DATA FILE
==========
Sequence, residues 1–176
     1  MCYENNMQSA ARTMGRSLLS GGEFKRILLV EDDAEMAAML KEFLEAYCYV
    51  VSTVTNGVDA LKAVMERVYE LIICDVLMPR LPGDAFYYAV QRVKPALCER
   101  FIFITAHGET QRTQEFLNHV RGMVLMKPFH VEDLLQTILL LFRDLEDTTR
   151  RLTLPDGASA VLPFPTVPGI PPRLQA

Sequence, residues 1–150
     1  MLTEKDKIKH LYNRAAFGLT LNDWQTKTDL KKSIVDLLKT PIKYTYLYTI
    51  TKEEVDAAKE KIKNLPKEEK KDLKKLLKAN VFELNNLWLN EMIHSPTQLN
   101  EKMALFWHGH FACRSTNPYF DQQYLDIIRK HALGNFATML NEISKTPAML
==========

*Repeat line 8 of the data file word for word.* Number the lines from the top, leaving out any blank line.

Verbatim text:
    51  TKEEVDAAKE KIKNLPKEEK KDLKKLLKAN VFELNNLWLN EMIHSPTQLN